Labor Secretary Argues for Executive Branch Restraint

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By Ben Penn

Labor Secretary Alexander Acosta preached the importance of exercising restraint in interpreting workplace laws, signaling a contrast with the previous administration, during a recent speech to the Federalist Society.

“We’ve seen abuses of interpretive authority in the past,” said Acosta, according to a transcript of the Sept. 15 remarks that was provided to Bloomberg Law. “Under our stewardship, we must exercise care to avoid effectively changing the substance of the law through interpretations.”

He went on to cite two examples, both of which involved the Labor Department’s interpretation of federal wage-and-hour law under the Obama White House. The secretary took exception to guidance documents, such as a joint employer memo that he has withdrawn, and to litigating positions, such as a 2009 DOL amicus brief that argued pharmaceutical representatives are owed overtime under the Fair Labor Standards Act.

Obama DOL Actions Disputed

But rather than lay out his personal views on labor policy, Acosta disputed the DOL’s actions during the Obama administration by arguing they sidestepped legal boundaries laid out in the Administrative Procedure Act.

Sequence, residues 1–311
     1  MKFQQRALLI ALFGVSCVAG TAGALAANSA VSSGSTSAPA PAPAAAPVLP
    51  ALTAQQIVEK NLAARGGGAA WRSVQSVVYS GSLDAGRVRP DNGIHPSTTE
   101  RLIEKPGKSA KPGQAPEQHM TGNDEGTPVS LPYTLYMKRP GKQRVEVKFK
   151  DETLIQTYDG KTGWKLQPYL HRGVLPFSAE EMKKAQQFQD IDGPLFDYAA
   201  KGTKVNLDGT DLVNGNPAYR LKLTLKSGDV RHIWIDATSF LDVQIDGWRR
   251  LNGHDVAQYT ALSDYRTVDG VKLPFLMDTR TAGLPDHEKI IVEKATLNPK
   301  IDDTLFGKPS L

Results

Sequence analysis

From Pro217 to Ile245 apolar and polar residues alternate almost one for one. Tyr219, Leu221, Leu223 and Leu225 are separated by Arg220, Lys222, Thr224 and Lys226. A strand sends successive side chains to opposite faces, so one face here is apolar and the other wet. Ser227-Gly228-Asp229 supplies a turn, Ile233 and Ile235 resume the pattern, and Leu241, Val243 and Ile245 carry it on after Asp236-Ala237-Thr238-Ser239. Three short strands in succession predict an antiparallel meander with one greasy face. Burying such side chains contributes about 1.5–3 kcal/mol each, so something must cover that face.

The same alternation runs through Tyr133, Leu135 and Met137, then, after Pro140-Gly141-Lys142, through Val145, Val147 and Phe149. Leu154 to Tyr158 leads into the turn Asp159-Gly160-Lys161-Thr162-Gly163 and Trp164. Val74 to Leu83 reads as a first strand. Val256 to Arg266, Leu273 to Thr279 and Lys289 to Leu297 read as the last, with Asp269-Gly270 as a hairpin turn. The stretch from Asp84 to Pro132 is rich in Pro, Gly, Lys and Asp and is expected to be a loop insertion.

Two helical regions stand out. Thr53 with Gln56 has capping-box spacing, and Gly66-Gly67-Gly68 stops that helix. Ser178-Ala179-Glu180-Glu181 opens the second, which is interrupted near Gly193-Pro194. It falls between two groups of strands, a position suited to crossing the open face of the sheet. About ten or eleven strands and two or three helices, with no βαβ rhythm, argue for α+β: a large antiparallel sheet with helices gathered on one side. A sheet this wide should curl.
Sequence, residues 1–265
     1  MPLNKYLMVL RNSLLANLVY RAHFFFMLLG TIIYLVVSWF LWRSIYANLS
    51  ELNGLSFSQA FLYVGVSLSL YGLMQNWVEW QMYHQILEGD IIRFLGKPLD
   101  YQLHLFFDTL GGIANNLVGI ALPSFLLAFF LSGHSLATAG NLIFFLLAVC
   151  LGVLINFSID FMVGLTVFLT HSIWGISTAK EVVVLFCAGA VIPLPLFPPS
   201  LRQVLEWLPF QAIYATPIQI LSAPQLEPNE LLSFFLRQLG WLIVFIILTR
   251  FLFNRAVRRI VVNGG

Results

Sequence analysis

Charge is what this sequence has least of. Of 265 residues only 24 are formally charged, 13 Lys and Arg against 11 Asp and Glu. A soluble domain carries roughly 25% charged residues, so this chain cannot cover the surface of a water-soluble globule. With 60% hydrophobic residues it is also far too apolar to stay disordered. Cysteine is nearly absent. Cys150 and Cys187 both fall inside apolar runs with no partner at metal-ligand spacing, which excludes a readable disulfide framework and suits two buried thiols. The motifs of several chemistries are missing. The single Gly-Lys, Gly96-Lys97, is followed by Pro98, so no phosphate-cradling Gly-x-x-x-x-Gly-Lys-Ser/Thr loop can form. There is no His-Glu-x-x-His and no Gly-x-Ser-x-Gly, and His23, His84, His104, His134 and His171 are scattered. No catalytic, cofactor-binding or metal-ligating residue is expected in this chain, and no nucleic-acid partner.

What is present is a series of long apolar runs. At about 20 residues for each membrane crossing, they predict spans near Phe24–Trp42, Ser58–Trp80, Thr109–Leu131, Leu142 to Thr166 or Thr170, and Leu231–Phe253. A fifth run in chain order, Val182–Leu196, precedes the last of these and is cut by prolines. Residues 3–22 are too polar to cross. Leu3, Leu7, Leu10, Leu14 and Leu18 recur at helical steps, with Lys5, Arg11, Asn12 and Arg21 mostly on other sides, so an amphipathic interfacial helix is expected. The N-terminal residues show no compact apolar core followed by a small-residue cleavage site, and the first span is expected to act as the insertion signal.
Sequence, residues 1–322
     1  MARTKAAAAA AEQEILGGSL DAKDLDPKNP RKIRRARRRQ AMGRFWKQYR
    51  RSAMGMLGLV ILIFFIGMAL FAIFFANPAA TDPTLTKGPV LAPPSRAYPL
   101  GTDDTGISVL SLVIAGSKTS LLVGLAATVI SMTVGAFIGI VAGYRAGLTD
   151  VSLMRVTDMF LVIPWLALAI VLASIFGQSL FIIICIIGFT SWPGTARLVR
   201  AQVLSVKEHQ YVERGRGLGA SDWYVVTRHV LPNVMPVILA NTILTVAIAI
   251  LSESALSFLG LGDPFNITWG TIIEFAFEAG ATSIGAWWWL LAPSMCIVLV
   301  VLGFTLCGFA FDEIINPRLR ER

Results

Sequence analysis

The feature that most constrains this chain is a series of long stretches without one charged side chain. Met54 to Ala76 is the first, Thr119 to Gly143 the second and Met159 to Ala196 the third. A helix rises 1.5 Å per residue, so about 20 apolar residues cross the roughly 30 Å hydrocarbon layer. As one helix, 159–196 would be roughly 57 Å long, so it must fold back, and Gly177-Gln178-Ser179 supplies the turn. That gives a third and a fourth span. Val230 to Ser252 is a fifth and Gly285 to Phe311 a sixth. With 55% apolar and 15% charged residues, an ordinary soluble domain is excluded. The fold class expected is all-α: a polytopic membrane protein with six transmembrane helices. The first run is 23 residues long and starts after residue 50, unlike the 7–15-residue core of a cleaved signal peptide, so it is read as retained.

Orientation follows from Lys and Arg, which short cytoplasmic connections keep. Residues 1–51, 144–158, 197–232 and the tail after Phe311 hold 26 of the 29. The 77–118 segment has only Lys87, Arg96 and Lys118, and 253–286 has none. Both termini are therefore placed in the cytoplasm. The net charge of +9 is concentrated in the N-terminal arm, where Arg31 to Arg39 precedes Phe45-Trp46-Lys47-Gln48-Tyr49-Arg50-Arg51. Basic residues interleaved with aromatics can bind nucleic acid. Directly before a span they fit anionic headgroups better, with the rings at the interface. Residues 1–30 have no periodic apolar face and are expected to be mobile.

“Perhaps the joint-employer doctrine is good policy; perhaps not. It is certainly not the type of policy change we want to make without public input,” Acosta told the audience at a Federalist Society luncheon.

He’s referring to then-Wage and Hour Division Administrator David Weil’s 2016 memo that sought to clarify how the FLSA provides for a broad set of circumstances in which businesses are jointly accountable for employees’ wages.

Patricia Smith, the DOL solicitor under President Barack Obama who provided legal review on that withdrawn joint employer document, told Bloomberg Law that Acosta’s analysis is flawed. “That administrator’s interpretation did not break new ground at all,” Smith said upon reviewing the speech. “We did it as a compliance assistance document.”

Smith is now a senior counsel at the National Employment Law Project, which advocates for low-wage workers.

To contact the reporter on this story: Ben Penn in Washington at

To contact the editor responsible for this story: Chris Opfer at

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